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10/25/1996 07:00:00

Caltech Seismo Lab Gets Location Data on October 3 Meteor

PASADENA— Caltech seismologist Kate Hutton has some data that shows where the October 3 meteor may have landed. She's providing the information publicly to help anyone and everyone who wants to try for the $5,000 reward UCLA is offering.

According to Hutton, any larger chunks from the meteor that lit up the Western skies on the night of October 3 may have landed in the Rose Valley area near Little Lake. Hutton figured this out by analyzing data from 31 of the seismic stations belonging to the Southern California Seismographic Network (operated by Caltech and the U.S. Geological Survey).

"As it fell, the atmospheric drag caused the meteoroid to explode in midair at least twice," Hutton says. "The explosions generated sound waves in the air similar to a sonic boom, which were detected by the seismographs.

"Using a procedure that is very similar to the one used to locate earthquakes underground, I used the arrival times of the sound waves at the various seismic stations to estimate where the explosions occurred."

Two of the explosions were well located, Hutton adds. Both were 20 to 30 miles above the Fivemile Canyon area in the eastern Sierra foothills. The explosions were separated by about 25 seconds, and the second was about five miles lower and about a mile further eastward than the first one.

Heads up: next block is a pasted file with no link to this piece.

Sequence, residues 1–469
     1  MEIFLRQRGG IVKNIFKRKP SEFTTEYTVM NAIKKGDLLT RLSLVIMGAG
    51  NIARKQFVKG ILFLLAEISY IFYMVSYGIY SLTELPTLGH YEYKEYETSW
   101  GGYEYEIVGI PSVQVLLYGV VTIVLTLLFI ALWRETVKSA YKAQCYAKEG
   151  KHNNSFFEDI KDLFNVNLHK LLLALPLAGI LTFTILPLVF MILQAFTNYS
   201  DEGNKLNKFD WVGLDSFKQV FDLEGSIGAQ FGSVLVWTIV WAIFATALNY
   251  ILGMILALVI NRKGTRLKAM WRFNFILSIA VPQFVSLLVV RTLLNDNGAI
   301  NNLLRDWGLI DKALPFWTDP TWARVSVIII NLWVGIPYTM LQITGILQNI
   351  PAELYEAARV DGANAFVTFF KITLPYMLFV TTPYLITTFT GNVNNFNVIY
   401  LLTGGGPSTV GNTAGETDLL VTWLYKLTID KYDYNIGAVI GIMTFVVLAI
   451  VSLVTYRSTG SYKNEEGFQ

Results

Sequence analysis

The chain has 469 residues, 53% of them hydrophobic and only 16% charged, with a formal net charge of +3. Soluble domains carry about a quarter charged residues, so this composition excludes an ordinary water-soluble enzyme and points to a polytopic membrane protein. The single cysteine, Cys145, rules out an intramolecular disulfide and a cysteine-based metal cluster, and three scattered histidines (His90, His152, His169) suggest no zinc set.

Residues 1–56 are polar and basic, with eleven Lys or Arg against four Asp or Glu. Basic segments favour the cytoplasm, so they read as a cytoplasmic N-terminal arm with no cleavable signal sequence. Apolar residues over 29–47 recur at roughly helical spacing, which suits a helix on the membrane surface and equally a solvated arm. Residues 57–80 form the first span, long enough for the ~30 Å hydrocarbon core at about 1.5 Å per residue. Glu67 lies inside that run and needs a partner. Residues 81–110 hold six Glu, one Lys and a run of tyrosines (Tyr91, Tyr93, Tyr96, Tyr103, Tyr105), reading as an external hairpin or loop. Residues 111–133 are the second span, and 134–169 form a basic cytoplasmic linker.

Based on this data and on eyewitness accounts provided by John Wasson of UCLA and Caltech alumnus Mark Boslough of Sandia National Laboratory in New Mexico, Hutton thinks that any larger fragments that survived the fiery entry into Earth's atmosphere would have landed to the east-northeast of the explosions, perhaps in the Rose Valley area near Little Lake. Smaller fragments may have fallen more or less straight down from where the explosions occurred.

The Little Lake area would probably be the more seductive area to search, and for a very good reason. UCLA has offered a $5,000 reward for the first fragment that weighs at least four ounces.

Hutton says the seismographic instruments didn't pick up a meteorite impact on Earth, but this is not surprising, since a single fragment would probably have to weigh several tons in order for its impact to be detected.

The term "meteorite," by the way, refers to chunks of extraterrestrial debris that survive the entry into the atmosphere and end up on the ground. "Meteoroids" are chunks that travel through space, while "meteor" is the proper designation for the light show produced by a rock from outer space slowing down in Earth's atmosphere.

Any surviving meteorite fragments would probably have a fresh black matte crust. If the meteorite struck something on the ground, part of the crust might have chipped off to reveal a lighter interior. If anyone finds a meteorite fragment weighing at least four ounces, he or she should get in touch with Dr. John Wasson at UCLA. Wasson's e-mail address is wasson@igpp.ucla.edu.

Written by Robert Tindol